More pragmatically, and perhaps more urgently, reliance upon a future exercise of the commutation power directly contravenes what should be a fundamental goal of our criminal justice system: truth in sentencing. The integrity of the judiciary, and the public's confidence in the entire system, are severely eroded when convicted defendants do not actually serve the sentences pronounced in open court. A judge's sentence should say what it means and do what it says. Commutation should not be an occasion for executive second-guessing of a judge, nor should it be viewed as a mechanism for granting parole from a fixed sentence. When a judge chooses to impose a fixed life sentence, he should fully intend — and the prisoner should fully expect — that the sentence will be served in confinement until the prisoner dies. If the circumstances of the case do not permit such an inflexible penalty, a fixed life sentence is inappropriate.

In the present case, the district judge acknowledged uncertainty about Storey's future. As quoted above, the judge opined that Storey could "never be released with safety to society," but the judge also noted that the sentence could be commuted if "the doctors are correct and ... you can be released with safety... ." These contrasting observations relfect the difficulty of attempting to predict a defendant's future risk to society, based upon information available at the time of sentencing. However, Idaho's present sentencing scheme compels judges to do exactly that. When judges impose sentences of confinement, they are abjured to consider the criteria of protecting society, retribution, deterrence and rehabilitation. Of these criteria, only retribution and deterrence can be fully evaluated upon information available to the judge. The judge must guess at the defendant's course of rehabilitation and the degree of risk he might pose to society when eventually released.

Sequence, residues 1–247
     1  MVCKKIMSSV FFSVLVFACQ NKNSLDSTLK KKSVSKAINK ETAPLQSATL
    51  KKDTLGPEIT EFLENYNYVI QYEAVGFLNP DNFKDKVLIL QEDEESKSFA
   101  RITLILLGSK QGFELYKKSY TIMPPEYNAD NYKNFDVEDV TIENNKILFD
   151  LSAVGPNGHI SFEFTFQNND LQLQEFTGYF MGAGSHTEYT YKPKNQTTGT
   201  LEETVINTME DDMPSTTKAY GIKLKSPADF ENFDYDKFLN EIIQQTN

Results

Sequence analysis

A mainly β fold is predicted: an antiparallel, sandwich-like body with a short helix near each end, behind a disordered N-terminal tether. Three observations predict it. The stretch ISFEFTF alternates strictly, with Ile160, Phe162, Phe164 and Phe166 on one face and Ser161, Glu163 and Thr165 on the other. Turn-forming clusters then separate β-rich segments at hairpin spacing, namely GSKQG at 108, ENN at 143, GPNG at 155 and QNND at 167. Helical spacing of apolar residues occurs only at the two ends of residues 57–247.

Our criminal justice system would make better sense if a judge were allowed to prescribe a minimum period of confinement necessary to achieve the goals of retribution and deterrence, followed by a second period in which correctional authorities — having intensively studied the prisoner — could determine when, or whether, his rehabilitative progress allows a safe return to society. This kind of sentence, combining fixed and indeterminate components, would allow judges and correctional authorities to perform complementary functions. It also would produce greater truth in sentencing because the minimum period of confinement prescribed by the judge actually would be served (subject, perhaps, only to earned "good time"). Unfortunately, Idaho's statutes do not authorize such a sentence. Idaho Code § 19-2513 provides for indeterminate sentences while I.C. § 19-2513A provides that a court may impose a fixed sentence "[a]s an alternative to an indeterminate sentence... ." The Legislature's choice of the word "alternative" arguably precludes a mixed sentence.4 Consequently, judges confront "all or nothing" choices between fixed sentences, which must be served entirely in confinement, and indeterminate sentences from which prisoners may be paroled.